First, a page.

Planting Fruit Trees Shade Trees and Berry Plants in Alaska
Alaska's temperatures over several centuries progressively have decreased by 25 degrees to 30 degrees Celsius. Fruit trees have been successfully grown near the University of Alaska at Fairbanks by planting the fruit trees in orchards, the fruit trees facing South, midway up hills. This special planting prevents fruit trees from being damaged by sun scald that occurs during “ Indian Summers” (Chinook), that prematurely thaws plant tissues on the sunny side of the tree, only to be damaged by sudden refreezing after dark.
A gardener from Alaska is faced with extreme cold temperature, preventing his harvesting a juicy apple in the fall, even though the USDA growing zones range of zone 7 in the extreme Southern islands. Although most fruit growers in AK can grow almost any fruit tree inside a heated home or greenhouse, that is impractical for many garden enthusiast. Crabapple trees are the best apple tree pollinators and the Oregon crabapple ( Malus diversifolia) and the Siberian crabapple tree ( Malus baccata) are often used as a pollinator or as a cold hardy rootstock for fruiting apples like the Lodi apple. Cherry trees such as the North Star Cherry and the Montmorency Cherry are recommended for Alaska if grafted onto a cold hardy rootstock.
Blueberry plants are cold hardy and blueberries are a favorite native bush to grow in Alaska. Blueberry plants are native to Southern Alaska soils. During the Fall the leaves of the blueberry plant turn a brilliant scarlet color. Plum trees can be grown in Alaska, but some winters the plum tree is not as cold hardy as cherry trees or apple trees.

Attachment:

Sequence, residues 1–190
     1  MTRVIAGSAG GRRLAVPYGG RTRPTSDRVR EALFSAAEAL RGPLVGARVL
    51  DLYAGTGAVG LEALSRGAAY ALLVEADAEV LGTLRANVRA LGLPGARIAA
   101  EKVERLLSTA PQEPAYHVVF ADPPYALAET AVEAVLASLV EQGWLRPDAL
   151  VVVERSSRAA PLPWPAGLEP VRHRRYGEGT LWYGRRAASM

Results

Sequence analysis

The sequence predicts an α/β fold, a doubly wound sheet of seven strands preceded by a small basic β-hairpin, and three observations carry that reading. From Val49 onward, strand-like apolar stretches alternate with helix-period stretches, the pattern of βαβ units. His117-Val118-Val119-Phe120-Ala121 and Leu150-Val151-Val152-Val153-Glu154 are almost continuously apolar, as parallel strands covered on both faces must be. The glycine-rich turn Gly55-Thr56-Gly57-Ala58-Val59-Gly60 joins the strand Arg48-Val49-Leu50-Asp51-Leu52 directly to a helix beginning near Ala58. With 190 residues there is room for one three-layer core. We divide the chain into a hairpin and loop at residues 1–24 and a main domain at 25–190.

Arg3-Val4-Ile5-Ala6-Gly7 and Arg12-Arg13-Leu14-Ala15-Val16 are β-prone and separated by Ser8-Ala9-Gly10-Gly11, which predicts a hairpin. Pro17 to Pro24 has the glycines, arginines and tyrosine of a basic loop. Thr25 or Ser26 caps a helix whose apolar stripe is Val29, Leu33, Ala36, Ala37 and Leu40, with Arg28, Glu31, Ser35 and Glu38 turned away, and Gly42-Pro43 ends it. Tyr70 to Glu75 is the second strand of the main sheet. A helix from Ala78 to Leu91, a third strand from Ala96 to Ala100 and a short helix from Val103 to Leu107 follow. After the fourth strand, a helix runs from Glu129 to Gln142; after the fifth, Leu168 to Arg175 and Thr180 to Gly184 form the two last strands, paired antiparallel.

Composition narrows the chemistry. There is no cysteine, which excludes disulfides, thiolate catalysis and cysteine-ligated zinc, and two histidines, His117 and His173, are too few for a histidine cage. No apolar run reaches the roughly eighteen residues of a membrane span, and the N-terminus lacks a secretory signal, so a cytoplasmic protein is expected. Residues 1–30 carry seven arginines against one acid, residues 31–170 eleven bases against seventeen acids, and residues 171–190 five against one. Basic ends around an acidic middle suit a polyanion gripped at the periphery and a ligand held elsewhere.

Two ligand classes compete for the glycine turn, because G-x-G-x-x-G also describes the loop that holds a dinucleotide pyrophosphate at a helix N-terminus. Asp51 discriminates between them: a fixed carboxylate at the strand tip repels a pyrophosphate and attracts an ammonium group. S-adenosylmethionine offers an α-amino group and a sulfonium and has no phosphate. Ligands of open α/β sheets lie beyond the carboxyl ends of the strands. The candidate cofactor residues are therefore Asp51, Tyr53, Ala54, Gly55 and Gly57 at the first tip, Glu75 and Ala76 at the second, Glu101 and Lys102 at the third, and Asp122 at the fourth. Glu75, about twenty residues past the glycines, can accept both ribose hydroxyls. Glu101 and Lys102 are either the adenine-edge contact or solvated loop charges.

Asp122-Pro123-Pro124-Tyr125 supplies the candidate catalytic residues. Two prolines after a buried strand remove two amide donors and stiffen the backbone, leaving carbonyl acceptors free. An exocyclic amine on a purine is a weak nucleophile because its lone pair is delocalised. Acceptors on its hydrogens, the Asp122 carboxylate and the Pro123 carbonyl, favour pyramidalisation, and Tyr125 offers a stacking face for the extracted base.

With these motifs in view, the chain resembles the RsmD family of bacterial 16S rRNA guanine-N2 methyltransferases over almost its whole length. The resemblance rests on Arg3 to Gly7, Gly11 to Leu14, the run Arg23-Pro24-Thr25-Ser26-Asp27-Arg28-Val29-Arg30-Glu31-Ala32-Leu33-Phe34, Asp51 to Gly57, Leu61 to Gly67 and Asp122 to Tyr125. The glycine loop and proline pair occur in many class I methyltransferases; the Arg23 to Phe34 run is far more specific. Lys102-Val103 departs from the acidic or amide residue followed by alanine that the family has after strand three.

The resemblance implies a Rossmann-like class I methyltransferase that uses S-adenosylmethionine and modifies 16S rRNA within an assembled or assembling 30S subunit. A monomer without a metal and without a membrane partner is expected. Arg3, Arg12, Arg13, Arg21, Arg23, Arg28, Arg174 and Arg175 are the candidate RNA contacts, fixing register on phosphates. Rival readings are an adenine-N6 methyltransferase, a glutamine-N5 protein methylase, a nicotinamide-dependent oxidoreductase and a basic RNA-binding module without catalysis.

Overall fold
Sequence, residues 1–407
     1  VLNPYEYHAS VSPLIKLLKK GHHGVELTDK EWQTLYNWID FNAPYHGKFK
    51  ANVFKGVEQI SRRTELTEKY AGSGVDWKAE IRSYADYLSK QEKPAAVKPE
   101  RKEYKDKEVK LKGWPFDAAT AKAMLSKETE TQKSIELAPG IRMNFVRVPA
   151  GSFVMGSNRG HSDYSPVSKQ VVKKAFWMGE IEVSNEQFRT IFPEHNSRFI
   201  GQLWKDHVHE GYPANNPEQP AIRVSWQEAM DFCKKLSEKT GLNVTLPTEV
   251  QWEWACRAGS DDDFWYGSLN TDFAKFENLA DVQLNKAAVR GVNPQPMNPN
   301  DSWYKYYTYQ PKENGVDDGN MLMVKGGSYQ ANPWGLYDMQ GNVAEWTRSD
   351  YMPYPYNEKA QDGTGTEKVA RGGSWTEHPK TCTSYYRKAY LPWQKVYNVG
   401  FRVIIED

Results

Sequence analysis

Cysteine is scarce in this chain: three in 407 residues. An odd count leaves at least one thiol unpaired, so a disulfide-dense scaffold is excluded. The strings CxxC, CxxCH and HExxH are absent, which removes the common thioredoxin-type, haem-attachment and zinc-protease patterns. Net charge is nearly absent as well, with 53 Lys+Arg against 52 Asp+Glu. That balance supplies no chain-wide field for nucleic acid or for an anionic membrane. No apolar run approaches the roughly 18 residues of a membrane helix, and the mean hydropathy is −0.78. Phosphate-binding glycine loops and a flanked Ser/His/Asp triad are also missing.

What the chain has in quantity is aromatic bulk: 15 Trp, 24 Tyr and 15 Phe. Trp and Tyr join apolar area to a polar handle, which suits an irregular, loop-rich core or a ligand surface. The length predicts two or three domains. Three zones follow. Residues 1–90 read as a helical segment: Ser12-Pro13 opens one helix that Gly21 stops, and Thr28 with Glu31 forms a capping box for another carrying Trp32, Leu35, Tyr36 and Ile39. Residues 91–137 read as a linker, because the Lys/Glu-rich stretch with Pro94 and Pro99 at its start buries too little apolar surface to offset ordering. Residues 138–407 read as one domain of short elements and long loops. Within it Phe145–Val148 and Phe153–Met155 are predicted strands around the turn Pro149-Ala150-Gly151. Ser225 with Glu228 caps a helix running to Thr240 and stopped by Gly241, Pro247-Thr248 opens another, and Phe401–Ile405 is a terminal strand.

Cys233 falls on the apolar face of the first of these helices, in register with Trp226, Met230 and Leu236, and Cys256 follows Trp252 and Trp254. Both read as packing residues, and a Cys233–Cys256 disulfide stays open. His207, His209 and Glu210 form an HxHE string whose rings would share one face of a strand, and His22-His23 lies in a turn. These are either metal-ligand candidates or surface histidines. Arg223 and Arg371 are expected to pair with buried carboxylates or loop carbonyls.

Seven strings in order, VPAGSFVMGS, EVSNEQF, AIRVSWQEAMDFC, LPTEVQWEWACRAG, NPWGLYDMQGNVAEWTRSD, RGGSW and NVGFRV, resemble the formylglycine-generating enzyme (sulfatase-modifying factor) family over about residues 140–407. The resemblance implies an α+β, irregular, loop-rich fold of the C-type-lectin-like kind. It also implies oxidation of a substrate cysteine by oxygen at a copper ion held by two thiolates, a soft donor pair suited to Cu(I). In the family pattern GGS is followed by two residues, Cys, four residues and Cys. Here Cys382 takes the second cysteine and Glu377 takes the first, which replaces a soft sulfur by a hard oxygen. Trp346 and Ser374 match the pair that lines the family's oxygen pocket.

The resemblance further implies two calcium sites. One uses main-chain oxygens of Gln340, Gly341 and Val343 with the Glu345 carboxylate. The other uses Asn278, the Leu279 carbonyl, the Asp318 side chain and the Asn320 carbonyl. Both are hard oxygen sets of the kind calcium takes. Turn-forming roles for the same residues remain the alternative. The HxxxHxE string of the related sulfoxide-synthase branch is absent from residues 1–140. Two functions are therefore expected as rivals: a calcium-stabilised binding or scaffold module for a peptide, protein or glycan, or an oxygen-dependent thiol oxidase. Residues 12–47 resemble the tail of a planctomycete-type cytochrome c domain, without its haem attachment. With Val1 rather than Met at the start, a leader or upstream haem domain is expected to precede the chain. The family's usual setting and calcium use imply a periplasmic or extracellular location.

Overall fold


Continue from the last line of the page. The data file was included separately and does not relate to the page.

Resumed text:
Even though only a few tree species grow on the interior of Alaska, fossil excavations show that years ago, before the intrusion of glaciers, nut trees such as hickory, chestnut, walnut and also hazelnut trees grew there. Shade trees such as Oak tree fossils were found next to sweet gum shade tree fossils, basswood and beech trees. Holly shrub fossils also were found.
The six principal trees found to grow on the interior of Alaska as shade tree, native trees are Quaking Aspen, balsam poplar and paper birch. The evergreen native shade trees are white spruce and black spruce and the tamarack larch, a deciduous conifer tree.
Other trees found on Alaskan fringe areas that survive as cold hardy trees are balsam fir, willow tree, yellow cedar, alder and pine trees.
Unlike New England shade trees that change into brilliant fall colors of crimson, purple, scarlet and gold, the Alaskan forest shade trees only change to gold, never New England fall colors.
Irrational as it may seem, trees grow twice as fast in Alaska as in lower Massachusetts. Research has shown that Alaska has unique growth periods, because the tissue hardening time-line in late summer is accelerated by drastic day length shortening and steep, progressive temperature drops. As the plant cells harden off due to the decreasing temperatures, the cells become progressively less hydrated by water and thus, more cold hardy. Centuries of genetic cold hardy selection has evolved races of plants and trees in Alaska that grow faster, become their environmental growing season has been constrained and only the most cold hardy species have evolved into a faster- growing tree, and that has been translated into a characteristic of fast growing, cold hardiness. Only a few species have become in the evolutionary cycle removed from the tundra, because of the extreme temperature fluctuations leading to a low biotic diversity.